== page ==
Being an atheist in England compared to being an atheist here.
Post Reply
 
Thread Rating:
  • 0 Votes - 0 Average
  • 1
  • 2
  • 3
  • 4
  • 5
28-03-2014, 12:14 AM
RE: Being an atheist in England compared to being an atheist here.
(28-03-2014 12:11 AM)evenheathen Wrote:  Well to be fair the Vatican had that down well before America. We just made it a consumers product.

true, true.

'It's not a lie, if you believe it.' - George Costanza
Find all posts by this user
Like Post Quote this message in a reply
28-03-2014, 12:17 AM
RE: Being an atheist in England compared to being an atheist here.
Oh gosh, the other day I saw a clip of a megachurch over here (you guys have probably already seen it!) where a bald eagle was released inside the church. It was scared of course, but the crowd were all chanting USA, USA, USA! And then it crashed into the window and they all cheered.

Real nice.

'It's not a lie, if you believe it.' - George Costanza
Find all posts by this user
Like Post Quote this message in a reply
28-03-2014, 12:21 AM
RE: Being an atheist in England compared to being an atheist here.
(28-03-2014 12:17 AM)prettylogical Wrote:  Oh gosh, the other day I saw a clip of a megachurch over here (you guys have probably already seen it!) where a bald eagle was released inside the church. It was scared of course, but the crowd were all chanting USA, USA, USA! And then it crashed into the window and they all cheered.

Real nice.

Yeah, I saw that. I call it......ironic serendipity. Angel

(not for the bird)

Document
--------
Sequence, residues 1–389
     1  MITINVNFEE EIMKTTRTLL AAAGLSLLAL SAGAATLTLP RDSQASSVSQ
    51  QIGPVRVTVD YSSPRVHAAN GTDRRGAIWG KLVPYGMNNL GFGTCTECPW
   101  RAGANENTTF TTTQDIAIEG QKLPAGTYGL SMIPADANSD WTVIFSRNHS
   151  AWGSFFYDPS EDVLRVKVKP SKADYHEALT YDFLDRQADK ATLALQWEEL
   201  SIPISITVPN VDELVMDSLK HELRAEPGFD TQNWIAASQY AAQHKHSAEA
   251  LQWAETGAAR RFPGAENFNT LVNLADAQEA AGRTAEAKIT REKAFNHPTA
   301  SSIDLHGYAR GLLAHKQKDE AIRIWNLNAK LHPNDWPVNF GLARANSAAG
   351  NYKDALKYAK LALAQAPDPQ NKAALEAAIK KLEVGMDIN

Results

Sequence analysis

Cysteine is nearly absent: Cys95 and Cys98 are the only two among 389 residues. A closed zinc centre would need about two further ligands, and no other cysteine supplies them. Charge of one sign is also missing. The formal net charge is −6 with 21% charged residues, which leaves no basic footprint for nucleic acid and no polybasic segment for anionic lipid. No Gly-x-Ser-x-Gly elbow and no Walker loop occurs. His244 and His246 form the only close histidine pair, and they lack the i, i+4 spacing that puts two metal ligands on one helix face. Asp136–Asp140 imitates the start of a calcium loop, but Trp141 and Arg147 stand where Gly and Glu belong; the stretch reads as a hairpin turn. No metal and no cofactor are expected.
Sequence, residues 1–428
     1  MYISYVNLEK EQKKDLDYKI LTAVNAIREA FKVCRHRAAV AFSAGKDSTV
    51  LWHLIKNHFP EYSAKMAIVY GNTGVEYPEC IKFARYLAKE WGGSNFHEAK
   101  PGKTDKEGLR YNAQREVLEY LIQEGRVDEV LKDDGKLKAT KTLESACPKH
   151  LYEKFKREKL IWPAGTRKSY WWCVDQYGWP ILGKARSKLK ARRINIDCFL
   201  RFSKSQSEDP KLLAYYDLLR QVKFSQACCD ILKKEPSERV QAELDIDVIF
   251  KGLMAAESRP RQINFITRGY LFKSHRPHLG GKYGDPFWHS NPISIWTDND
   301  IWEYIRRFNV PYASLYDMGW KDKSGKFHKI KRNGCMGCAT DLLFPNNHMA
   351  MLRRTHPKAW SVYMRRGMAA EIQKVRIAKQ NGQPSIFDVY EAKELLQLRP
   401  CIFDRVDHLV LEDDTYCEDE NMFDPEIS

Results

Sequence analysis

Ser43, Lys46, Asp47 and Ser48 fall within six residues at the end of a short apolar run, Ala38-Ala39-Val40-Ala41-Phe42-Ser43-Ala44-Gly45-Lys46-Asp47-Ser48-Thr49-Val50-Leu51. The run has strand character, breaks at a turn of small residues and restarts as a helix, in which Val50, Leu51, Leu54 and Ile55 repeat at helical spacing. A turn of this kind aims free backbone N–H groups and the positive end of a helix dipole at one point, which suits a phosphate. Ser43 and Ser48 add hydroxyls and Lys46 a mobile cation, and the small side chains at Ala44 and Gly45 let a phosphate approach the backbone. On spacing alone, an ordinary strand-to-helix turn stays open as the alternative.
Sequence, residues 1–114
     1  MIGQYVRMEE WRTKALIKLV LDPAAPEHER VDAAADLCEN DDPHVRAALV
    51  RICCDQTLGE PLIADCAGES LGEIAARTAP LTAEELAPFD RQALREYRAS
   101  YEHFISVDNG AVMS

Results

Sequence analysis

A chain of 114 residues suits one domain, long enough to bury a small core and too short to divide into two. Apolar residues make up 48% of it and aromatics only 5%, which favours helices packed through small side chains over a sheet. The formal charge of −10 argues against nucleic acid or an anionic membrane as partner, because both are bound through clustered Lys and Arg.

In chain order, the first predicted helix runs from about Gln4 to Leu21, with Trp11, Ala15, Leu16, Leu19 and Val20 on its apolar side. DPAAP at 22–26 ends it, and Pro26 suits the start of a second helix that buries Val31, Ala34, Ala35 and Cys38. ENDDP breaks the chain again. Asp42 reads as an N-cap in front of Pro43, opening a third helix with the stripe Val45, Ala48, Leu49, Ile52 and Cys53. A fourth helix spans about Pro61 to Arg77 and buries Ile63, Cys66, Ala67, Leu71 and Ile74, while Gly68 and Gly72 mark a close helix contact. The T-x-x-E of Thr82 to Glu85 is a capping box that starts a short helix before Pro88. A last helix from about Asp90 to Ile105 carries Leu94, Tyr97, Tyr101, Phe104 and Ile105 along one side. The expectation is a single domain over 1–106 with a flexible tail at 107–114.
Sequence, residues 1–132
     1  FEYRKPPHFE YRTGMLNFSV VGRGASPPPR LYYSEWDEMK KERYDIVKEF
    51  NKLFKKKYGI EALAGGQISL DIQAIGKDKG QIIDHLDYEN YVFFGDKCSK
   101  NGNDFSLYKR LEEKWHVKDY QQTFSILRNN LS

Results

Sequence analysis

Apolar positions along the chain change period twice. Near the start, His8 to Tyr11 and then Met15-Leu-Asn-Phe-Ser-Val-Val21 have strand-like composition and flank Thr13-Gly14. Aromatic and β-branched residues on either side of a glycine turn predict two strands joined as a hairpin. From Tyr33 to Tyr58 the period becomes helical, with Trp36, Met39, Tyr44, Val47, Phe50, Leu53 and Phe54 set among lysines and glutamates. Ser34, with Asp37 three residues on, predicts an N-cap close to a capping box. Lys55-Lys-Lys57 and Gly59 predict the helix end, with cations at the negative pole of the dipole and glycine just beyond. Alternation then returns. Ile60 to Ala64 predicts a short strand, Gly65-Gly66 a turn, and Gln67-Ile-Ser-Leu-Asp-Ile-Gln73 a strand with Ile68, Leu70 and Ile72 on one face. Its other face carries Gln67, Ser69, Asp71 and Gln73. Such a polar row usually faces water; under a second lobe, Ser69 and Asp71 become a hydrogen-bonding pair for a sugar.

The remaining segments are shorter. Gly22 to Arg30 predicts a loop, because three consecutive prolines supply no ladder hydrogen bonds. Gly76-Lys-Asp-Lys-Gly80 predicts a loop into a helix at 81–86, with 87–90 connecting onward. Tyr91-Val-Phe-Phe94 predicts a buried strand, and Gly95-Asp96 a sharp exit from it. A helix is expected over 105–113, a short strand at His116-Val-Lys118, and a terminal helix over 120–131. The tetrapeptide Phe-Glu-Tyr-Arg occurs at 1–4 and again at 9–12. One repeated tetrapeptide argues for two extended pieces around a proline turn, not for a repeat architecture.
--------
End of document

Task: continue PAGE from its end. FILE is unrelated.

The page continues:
But now I have come to believe that the whole world is an enigma, a harmless enigma that is made terrible by our own mad attempt to interpret it as though it had an underlying truth.

~ Umberto Eco
Find all posts by this user
Like Post Quote this message in a reply
[+] 1 user Likes evenheathen's post
28-03-2014, 02:01 AM
RE: Being an atheist in England compared to being an atheist here.
(28-03-2014 12:21 AM)evenheathen Wrote:  
(28-03-2014 12:17 AM)prettylogical Wrote:  Oh gosh, the other day I saw a clip of a megachurch over here (you guys have probably already seen it!) where a bald eagle was released inside the church. It was scared of course, but the crowd were all chanting USA, USA, USA! And then it crashed into the window and they all cheered.

Real nice.

Yeah, I saw that. I call it......ironic serendipity. Angel

(not for the bird)

It's actually the first item on this list of Dusty's 'Top 10 Christian Fails of 2013'.

Language is NSFW.




[Image: E3WvRwZ.gif]
Find all posts by this user
Like Post Quote this message in a reply
28-03-2014, 02:32 AM
RE: Being an atheist in England compared to being an atheist here.
(28-03-2014 02:01 AM)EvolutionKills Wrote:  
(28-03-2014 12:21 AM)evenheathen Wrote:  Yeah, I saw that. I call it......ironic serendipity. Angel

(not for the bird)

It's actually the first item on this list of Dusty's 'Top 10 Christian Fails of 2013'.